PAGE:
You probably have security holes in your network...


A few common complaints that we hear over and over again: Security is boring! We are overrun with data on why it matters. But can it really affect my business? A virus? Who’s going to attack my server?

Well, we know of an organization where this exact scenario occurred. Their server was attacked, and taken ransom. Because of the nature of the threat (posting child pornography on the server and reporting it to the FBI), and the fact that this organization was a medical practice where reputation was critical, the organization reported this threat to the FBI. The FBI immediately confiscated the entire server as evidence, leaving this business to run on a backup server. It took many months for the organization to get their server back. So, although the topic of security may be boring, the risks of poorly managed security technology and practices can be essential to your business surviving an attack.

The statistics are scary!

Only 47% of the entire Internet traffic is Human Being driven. The rest (53%) of the traffic is automation. The vast majority is related to malicious activities like viruses, botnets, malware, etc. The computer and internet world is getting more dangerous every day. Compounding the problem, clients do not place enough emphasis on sound security policies. Passwords are almost universally weak and vulnerable. MotherG’s own studies find that over 75% of organizations assessed have inadequate malware protection. Commonly, firewall software is outdated, along with older hardware. There are loose policies around the use of the computer network.

6 Common Areas To Address Security Holes

What should be done? There is a combination of technology, process and education that can harden your defense against threats, or "threat surface." While you cannot eliminate threats of a breach altogether, the goal of good security is to reduce the areas of risk and make it more difficult to crack, and hardening the threat surface. Reduce and Harden. Here are the top six areas to consider in this effort:

  • Gateway Security. Most commonly referred to as your firewall. Most are old – they do not break very often. But they do get old, and lose their effectiveness long before they break. Here are the tips for the gateway security.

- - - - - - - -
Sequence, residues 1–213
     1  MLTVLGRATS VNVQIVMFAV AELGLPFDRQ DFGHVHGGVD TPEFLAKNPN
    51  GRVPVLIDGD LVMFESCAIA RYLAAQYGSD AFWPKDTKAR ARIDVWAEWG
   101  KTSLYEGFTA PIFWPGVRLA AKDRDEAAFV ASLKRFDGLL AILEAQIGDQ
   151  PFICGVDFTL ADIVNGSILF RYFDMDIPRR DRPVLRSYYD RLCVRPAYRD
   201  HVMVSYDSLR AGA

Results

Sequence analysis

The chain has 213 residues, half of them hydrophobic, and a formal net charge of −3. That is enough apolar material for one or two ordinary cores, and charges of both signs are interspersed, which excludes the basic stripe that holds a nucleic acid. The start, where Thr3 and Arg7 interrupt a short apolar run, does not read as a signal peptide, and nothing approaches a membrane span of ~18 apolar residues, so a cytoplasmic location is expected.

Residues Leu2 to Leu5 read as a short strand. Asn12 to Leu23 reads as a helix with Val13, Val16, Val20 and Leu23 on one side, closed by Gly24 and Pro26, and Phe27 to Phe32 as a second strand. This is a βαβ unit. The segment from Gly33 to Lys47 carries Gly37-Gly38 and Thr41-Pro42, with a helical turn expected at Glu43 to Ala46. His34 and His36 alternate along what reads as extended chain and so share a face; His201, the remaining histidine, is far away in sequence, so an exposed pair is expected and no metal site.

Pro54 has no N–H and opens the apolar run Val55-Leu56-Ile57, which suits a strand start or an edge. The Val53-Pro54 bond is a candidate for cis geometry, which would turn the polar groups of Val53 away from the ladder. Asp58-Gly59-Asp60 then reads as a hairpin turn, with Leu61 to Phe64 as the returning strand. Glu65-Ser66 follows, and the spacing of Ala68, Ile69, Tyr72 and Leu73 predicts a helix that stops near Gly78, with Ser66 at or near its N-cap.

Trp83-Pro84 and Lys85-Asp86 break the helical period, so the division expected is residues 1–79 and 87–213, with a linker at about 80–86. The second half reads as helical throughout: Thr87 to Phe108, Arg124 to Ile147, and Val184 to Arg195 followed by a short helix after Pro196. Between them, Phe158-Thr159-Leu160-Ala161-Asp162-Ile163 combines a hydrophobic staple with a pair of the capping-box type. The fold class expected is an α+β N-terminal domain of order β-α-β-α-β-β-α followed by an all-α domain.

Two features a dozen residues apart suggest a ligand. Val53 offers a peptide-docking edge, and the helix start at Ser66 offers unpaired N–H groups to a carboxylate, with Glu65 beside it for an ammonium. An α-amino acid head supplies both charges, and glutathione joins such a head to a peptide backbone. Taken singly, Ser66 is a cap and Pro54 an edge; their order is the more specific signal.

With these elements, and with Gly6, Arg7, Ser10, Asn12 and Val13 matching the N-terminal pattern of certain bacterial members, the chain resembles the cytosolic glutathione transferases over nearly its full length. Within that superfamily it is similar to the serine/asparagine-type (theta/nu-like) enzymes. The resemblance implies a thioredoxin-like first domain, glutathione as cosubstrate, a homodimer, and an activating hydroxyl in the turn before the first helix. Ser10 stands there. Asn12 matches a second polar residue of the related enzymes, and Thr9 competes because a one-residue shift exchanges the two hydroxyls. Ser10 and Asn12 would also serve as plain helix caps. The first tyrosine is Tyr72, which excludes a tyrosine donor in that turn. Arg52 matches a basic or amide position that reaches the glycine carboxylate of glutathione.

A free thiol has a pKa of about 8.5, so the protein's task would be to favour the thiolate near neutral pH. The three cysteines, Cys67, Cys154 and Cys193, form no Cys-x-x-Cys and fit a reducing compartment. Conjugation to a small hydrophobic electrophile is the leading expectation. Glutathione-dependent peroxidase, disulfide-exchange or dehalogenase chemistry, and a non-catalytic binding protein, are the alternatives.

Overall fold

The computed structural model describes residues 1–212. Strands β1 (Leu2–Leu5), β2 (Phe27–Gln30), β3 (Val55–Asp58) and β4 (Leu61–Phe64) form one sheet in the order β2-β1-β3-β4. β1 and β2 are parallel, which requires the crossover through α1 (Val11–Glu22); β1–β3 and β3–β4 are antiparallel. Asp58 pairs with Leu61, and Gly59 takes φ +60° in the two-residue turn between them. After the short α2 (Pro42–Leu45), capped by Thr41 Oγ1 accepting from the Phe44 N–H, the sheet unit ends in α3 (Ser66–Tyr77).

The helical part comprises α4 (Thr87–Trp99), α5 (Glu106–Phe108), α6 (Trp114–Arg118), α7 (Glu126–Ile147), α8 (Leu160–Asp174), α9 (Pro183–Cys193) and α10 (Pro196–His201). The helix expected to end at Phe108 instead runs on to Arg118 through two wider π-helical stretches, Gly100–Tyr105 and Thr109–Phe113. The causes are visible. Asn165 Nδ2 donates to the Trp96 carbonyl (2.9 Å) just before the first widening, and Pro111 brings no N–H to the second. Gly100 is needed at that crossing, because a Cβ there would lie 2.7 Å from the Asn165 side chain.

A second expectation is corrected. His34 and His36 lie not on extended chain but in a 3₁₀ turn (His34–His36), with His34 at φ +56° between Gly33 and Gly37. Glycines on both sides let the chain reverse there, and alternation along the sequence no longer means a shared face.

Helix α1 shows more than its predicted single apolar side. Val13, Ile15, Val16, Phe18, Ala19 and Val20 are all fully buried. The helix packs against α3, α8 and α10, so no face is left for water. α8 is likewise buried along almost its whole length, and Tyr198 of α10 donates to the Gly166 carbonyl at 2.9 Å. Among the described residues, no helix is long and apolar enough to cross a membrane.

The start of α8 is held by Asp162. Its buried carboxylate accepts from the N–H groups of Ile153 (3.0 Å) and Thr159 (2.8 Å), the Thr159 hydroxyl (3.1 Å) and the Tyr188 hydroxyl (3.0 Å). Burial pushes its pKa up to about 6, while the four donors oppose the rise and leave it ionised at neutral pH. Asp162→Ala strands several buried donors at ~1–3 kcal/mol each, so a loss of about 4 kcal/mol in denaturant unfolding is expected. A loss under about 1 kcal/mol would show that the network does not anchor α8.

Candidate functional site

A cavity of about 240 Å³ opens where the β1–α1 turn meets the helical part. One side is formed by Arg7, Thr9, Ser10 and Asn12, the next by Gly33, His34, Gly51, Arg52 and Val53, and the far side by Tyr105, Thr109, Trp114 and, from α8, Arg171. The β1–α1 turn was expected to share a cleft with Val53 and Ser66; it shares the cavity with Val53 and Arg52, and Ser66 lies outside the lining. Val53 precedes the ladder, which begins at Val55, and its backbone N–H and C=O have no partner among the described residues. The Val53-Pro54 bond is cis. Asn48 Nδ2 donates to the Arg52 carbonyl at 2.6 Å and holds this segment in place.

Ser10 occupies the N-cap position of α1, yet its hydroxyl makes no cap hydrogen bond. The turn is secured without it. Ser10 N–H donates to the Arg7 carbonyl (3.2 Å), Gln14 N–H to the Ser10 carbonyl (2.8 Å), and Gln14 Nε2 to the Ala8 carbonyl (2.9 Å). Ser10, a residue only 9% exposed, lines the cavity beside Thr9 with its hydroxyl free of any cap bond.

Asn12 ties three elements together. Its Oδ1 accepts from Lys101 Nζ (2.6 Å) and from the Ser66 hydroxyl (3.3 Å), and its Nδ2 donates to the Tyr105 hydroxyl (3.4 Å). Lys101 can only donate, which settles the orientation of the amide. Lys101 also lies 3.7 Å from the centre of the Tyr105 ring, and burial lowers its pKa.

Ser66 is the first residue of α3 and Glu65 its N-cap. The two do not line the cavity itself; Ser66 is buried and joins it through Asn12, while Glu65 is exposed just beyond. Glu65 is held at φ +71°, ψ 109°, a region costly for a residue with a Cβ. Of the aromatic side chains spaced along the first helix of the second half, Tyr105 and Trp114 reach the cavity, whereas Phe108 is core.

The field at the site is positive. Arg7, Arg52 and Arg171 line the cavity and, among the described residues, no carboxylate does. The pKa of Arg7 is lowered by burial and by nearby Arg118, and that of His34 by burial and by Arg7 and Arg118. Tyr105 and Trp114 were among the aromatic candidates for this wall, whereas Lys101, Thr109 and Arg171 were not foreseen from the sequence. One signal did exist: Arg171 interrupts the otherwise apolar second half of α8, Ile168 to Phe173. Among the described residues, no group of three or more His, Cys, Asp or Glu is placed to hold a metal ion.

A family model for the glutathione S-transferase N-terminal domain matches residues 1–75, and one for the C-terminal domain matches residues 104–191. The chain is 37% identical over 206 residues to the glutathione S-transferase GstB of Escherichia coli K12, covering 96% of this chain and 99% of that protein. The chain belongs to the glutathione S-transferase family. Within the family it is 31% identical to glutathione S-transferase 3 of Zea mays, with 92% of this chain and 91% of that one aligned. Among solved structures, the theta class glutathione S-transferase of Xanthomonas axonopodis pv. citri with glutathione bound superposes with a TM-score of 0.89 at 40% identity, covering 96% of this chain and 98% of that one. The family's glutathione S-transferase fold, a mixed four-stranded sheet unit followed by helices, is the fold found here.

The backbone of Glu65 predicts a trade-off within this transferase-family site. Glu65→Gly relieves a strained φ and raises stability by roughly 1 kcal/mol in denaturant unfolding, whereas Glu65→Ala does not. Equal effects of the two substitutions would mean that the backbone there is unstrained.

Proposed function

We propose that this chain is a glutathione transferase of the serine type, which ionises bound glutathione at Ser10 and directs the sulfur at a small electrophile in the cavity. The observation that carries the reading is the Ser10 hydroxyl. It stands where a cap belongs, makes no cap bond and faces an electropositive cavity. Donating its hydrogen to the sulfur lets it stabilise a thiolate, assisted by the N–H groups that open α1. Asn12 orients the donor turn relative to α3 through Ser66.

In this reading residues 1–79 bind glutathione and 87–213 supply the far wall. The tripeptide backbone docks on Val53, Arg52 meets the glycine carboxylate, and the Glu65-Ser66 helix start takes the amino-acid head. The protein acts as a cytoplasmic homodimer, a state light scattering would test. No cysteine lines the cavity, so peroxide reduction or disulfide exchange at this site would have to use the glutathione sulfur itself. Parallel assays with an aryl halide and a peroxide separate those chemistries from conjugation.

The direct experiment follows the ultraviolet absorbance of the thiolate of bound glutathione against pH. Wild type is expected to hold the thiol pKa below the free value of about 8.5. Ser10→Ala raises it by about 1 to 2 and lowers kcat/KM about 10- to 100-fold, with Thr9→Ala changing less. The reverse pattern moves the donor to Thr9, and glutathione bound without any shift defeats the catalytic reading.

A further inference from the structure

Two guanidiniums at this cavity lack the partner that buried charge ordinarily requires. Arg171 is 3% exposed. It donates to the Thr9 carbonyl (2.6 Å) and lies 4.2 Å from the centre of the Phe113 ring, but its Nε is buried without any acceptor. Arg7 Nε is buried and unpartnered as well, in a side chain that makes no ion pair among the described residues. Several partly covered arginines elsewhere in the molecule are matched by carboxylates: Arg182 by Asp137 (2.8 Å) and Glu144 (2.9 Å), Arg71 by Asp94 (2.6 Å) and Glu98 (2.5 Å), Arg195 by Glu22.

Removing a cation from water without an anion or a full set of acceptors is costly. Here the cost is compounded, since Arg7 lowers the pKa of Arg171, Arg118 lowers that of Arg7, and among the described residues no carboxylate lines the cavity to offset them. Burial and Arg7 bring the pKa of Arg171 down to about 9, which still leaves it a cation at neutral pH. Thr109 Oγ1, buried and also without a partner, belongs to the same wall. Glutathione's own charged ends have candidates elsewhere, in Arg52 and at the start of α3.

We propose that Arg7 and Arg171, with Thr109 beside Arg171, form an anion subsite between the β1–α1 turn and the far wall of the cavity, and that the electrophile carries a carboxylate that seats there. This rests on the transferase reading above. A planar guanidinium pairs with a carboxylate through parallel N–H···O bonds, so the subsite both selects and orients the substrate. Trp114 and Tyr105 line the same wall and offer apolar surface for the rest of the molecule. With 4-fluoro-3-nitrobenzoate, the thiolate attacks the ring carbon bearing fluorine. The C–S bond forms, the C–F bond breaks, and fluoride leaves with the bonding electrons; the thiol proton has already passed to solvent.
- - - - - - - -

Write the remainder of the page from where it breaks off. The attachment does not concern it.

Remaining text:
• Consider a replacement cycle every 3 years. Newer threats demand newer engines to perform at acceptable levels.
    • Enable penetration detection on the device. This will let you know if someone is trying to break in.
    • Ensure the gateway virus protection is enabled and current. It should be updated weekly if not daily.
    • GEO IP filtering. Unless you do business with certain foreign countries, consider preventing anyone from those locations from entering your gateway device. There is a strong uptick in foreign corporate espionage.
    • Botnet filter. Botnet filters essentially check ingoing and outgoing connections for known bad IP addresses and domain names. If it detects one of these, it will automatically log the activity or drop the connection altogether.
    • Update your device’s firmware. New firmware is released to combat known security problems and bugs. Many companies never update their firewall’s firmware either due to lack of knowledge, or laziness. Consider a managed firewall solution to have your IT partner do these for you.
  • Endpoint Malware Protection. Every computer on your network must be protected. Computers, laptops, desktops, servers – everything needs protection. But this is not quite enough…
    • Antivirus AND Malware both. You need to protect against spyware as much as viruses. They are different tools. Many newer versions of malware software have both, but be sure.
    • Centrally Managed. Your malware software requires attention. You cannot "set it and forget it." It needs to be updated frequently – best daily. You need to ensure every device has the software installed and is getting updated regularly. The central management console helps report on this – but someone has to watch this.
    • Full Scans Weekly. Every machine needs more than a filter. The little nasty programs can infect your computers in many ways. Do not rely solely on filters to keep the machines clean. You need to have regularly scheduled scans – typically weekly – to interrogate the system to ensure it is OK.
  • SPAM Protection Outside Your Network. Spam is the most common delivery mechanism for threats that may be introduced to your network. Thus, fight the battle of SPAM outside your network. Don’t let those nasty things in your business.